The Fair Credit Report Act (or "FCRA") is a federal law of the United States, passed in 1970 and enforced by the United States Federal Trade Commission. The act is intended to protect individuals and businesses by limiting the ways in which credit information may be shared. The FCRA has direct effects on anyone whose credit information is regularly used by consumer credit reporting agencies (or "CRAs"). The three primary U.S.-based credit reporting agencies are Transunion, Equifax and Experian. Other information-gathering companies, such as LexisNexis or Westlaw, may also be subject to some of the stipulations of the FCRA, even though they are not credit reporting agencies. Since credit history can have a great impact on qualifying for a job, mortgage or loan, it is highly advisable to familiarize oneself with the particular rights that are granted by this federal law.
Access to Information
One primary focus of the FCRA is to stop CRAs from distributing false or harmful credit information about individuals. Therefore, one basic right that you have, due to the FCRA, is the ability to consult any credit information that CRAs have on file. If some action has been taken against you as a result of the information on file, and you request the info within 60 days, then there is no charge for you to access the information. Otherwise, you may be charged a nominal fee to access your credit information. In addition, the FCRA entitles you to receive notification if your file is accessed and, as a result of this information, any action is taken against you. For example, if a credit card company denies your application for credit due to the information they receive from the CRA, you must be informed. Since 2003, the Fair and Accurate Credit Transactions Act ("FACTA") has further streamlined the process, making it easier for consumers to view reports and make disputes. In addition, the FCRA has been gradually modified over the years since its first passing, to more accurately and comprehensively serve the consumer.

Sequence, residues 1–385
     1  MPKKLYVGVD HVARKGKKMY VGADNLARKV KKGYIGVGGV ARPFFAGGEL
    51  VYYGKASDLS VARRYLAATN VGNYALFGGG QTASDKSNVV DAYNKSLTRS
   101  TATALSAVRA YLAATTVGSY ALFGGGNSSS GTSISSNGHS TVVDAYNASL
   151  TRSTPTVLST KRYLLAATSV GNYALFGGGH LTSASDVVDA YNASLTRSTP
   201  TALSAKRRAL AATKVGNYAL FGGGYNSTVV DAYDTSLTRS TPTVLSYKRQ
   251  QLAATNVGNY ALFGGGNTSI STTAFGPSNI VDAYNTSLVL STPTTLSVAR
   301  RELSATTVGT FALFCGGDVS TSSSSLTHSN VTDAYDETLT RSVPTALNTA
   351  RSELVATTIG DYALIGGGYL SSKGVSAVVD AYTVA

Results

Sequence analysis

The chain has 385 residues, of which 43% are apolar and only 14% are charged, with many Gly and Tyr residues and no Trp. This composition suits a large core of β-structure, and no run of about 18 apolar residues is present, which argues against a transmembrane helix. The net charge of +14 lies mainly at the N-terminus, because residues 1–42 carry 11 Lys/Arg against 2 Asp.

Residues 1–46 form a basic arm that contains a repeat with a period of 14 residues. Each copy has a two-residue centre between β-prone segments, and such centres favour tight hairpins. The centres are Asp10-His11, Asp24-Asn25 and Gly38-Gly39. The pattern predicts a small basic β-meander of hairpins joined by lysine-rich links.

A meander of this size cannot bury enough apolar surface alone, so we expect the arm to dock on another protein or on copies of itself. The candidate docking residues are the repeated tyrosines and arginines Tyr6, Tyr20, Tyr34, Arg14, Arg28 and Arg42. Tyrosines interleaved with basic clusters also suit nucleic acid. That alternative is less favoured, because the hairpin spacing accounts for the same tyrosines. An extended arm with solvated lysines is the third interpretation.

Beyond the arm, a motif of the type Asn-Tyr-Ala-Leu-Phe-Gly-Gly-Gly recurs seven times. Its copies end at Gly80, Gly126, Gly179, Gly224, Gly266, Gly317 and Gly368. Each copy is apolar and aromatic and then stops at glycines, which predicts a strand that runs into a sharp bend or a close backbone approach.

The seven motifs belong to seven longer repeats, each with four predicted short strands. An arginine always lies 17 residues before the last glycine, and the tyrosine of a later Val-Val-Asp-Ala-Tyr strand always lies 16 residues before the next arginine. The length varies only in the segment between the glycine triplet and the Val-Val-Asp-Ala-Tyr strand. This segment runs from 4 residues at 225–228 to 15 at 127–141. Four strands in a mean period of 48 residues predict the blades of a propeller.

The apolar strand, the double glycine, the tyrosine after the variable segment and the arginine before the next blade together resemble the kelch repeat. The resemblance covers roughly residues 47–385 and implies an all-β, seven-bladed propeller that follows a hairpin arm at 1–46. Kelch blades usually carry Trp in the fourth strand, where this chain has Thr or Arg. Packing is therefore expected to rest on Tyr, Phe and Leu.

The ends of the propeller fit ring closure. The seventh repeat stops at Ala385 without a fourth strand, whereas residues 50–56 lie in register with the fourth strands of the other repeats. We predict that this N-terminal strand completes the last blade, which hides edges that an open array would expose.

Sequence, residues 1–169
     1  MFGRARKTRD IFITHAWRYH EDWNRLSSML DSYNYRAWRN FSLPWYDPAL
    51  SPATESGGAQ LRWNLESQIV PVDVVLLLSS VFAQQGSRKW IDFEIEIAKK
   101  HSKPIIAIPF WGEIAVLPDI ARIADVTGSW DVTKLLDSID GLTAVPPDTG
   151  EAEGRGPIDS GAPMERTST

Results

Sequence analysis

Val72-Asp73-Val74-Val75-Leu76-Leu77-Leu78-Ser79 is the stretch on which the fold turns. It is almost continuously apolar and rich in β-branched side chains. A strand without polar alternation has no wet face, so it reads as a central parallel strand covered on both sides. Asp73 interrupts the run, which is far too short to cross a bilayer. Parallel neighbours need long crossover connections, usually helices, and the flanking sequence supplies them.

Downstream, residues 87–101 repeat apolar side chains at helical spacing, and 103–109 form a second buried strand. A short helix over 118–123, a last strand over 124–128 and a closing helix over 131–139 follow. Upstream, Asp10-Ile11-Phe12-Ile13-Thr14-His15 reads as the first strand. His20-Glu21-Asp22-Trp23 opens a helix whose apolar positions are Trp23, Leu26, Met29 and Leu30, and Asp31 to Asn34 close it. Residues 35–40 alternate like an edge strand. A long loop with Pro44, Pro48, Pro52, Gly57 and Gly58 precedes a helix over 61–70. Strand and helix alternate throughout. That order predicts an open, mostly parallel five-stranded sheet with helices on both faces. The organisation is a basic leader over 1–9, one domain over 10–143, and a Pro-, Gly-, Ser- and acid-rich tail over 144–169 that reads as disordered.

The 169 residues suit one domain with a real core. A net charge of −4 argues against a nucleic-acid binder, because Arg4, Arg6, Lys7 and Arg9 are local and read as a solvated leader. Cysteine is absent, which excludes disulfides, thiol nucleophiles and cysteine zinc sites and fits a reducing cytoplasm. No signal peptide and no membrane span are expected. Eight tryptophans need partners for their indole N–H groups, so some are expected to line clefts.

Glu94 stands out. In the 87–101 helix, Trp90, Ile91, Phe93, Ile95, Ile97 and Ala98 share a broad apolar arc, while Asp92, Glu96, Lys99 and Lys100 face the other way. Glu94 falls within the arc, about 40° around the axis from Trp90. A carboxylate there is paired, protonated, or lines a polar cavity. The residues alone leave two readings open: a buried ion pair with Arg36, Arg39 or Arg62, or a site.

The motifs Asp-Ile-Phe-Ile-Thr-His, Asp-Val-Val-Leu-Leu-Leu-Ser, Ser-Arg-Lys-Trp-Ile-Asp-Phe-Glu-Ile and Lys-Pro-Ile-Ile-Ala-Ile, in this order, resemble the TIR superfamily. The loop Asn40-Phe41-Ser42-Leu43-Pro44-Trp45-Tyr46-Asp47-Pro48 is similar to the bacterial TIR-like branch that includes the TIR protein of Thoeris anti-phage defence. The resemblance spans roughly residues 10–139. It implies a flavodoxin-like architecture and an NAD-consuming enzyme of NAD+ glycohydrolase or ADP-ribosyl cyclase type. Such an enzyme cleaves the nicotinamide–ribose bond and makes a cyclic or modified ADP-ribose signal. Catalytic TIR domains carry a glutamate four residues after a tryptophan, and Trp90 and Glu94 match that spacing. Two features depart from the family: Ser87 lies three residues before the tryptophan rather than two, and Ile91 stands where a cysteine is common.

Right to Dispute False Information
In addition to your right to see the information that a CRA holds on file about your credit history, you also have a right to dispute any information you find to be incorrect. Many consumer credit reports contain errors, of various degrees, with some estimates putting the number of reports with erroneous information at over 70 percent. Therefore, one important component of the FCRA is to entitle you to the right to dispute any false information you find. If you do so, the CRA must then investigate your claim, typically within a period of 30 days. They must do so by submitting your case to the corresponding source of information. If the information is found to be incorrect, the CRA must update your file appropriately, usually within one month of your dispute. In addition, if you dispute a claim against you directly with a creditor or other third party, then that creditor cannot report their alleged information to the CRA without also including a notification that you have disputed the allegation.
Limitations on Information Sharing
In addition to ensuring accuracy, the FCRA is designed to protect the privacy of your credit history information. Therefore, the law puts certain limitations on access to the files held by CRAs. If potential employers request reports, you must sign off your permission before the CRA will release this information. Likewise, any information held by a CRA that includes health-related information can only be released with your written consent. You may also limit the way that your information is spread by omitting your name from CRA lists that are used for unsolicited credit or insurance offers.
Consequences of Noncompliance
If the tenets of the FCRA are not upheld by a CRA, this noncompliance may result in required payments to the individual affected by the breach. In other words, if your credit information is unfairly withheld or unfairly distributed, or if false information is not corrected in a just and prompt manner, the CRA may owe you a sum corresponding to the damages. Depending on the case, you may also be entitled to punitive damages and any reasonable attorney's fees. The statute of limitations for these infractions is five years from the date that the misdeed is discovered.